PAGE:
For anyone who is still reaching for the brass ring of retirement but doesn’t want to wait for 70, you would be able to receive $3,011 as the maximum 2020 benefit for someone at Full Retirement Age (FRA). This is currently between 66 and 67 depending on when you were born. (Learn your FRA here.) For every year you wait beyond FRA, your expected payment will rise by 8 percent until you reach age 70.”

Q6: Annuities aren’t FDIC-insured. Should I cash them in?

Given the current financial crisis and seeing that annuities are not FDIC-insured like CDs, is it wise to cash in funds in annuities that have not been annuitized?

— Gustavo L.

Answered by Stephen Kates, CFP: “While it is natural to be concerned about the assets you have invested into annuities, the vast majority of annuities are completely safe. Annuities, while complicated, are one of the most protected and well-capitalized investments available. Even during the 2008 recession, while many banks and investment firms were struggling, insurance companies were buying up assets.

The most important factor protecting your annuity is the capitalization of the insurance company that owns it. The larger the insurance company’s General Account, the more assets available to support insurance and annuity payments. New York Life, for instance, has one of the largest asset surpluses in the industry and has weathered countless crises. Established in 1845, they have never missed a qualified payment to a policyholder.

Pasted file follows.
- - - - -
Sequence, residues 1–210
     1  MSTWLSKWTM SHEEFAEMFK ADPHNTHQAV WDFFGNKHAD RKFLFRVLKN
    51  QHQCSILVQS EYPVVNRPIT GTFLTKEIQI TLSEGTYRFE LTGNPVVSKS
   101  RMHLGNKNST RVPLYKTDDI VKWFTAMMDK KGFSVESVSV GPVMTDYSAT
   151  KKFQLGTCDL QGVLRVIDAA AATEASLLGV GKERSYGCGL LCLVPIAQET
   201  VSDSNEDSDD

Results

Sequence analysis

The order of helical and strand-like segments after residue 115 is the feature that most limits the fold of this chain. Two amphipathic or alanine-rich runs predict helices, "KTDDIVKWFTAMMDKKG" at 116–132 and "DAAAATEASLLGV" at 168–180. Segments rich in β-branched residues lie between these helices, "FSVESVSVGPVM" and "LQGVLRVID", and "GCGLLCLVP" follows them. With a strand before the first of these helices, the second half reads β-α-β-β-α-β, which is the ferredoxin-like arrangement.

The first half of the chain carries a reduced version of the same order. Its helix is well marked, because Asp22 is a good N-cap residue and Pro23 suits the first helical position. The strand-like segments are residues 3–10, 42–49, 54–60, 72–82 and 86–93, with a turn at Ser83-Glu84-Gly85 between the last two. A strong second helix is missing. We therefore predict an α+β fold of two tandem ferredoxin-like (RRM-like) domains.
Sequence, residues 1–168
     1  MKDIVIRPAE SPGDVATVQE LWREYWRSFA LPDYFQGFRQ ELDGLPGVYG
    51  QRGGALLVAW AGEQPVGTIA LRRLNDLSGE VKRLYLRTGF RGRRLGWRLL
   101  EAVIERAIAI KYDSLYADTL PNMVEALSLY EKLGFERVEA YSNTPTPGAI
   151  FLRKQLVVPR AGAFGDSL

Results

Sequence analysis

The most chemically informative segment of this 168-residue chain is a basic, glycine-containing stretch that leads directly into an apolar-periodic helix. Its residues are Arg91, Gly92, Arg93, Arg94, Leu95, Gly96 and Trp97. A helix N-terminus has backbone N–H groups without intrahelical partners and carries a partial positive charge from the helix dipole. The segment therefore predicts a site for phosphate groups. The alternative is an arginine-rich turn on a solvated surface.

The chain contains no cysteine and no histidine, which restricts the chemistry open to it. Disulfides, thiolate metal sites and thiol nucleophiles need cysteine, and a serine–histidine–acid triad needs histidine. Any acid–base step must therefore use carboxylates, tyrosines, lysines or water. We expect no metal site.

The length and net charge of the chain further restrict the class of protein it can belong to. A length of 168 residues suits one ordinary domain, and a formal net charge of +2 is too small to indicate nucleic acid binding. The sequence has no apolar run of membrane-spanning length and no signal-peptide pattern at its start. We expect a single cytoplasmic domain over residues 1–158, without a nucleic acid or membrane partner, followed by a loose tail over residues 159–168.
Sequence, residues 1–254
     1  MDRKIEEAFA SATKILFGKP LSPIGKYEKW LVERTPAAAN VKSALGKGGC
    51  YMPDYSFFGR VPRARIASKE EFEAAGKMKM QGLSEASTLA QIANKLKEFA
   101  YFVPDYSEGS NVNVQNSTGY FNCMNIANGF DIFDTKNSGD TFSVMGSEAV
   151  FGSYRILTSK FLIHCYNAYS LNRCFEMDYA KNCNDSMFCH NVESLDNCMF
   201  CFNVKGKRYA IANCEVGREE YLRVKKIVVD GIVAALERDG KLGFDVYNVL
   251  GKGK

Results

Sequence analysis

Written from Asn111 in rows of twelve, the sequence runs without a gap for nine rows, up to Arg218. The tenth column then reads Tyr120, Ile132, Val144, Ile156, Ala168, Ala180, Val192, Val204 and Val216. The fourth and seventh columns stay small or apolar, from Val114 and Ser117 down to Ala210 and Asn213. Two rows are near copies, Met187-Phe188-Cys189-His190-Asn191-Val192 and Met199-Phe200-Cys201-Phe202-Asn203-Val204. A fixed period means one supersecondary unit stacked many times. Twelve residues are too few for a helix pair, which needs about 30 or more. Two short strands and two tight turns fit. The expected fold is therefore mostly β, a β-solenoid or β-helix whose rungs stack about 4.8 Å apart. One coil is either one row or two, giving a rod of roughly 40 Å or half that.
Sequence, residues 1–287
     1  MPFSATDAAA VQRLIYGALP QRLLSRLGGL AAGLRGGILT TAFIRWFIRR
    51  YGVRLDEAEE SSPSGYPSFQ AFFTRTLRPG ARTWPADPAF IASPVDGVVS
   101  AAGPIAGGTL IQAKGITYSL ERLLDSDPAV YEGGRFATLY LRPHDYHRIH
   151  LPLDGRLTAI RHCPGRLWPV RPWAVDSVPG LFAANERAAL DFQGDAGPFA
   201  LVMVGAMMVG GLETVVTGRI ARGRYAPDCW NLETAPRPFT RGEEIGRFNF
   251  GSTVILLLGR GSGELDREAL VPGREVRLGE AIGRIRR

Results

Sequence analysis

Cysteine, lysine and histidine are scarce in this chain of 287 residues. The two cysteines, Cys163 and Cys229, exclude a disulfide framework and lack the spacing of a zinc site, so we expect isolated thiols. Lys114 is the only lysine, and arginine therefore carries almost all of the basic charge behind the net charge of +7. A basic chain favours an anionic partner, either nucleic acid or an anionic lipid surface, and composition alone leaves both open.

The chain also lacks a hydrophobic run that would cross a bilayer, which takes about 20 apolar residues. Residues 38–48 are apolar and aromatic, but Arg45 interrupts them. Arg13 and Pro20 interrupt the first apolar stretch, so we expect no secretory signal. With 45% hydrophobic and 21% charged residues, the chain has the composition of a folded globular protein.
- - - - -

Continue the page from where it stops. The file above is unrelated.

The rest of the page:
All insurance companies are rated by at least one of four rating agencies. You can look up the rating of the institution holding your current policy to understand how they stack up. These agencies are AM Best, Fitch, Moody’s and Standard and Poors.

While different from FDIC insurance, annuities are still regulated and guaranteed at the state level. If an insurance company is in danger of insolvency, the state regulators will step in to liquidate the necessary assets to pay obligations. In the worst-case scenario, state guarantees on annuities range from $250,000 to $500,000. Your own state guaranty association or the National Association of Insurance Commissioners ( will be able to provide you with more information.”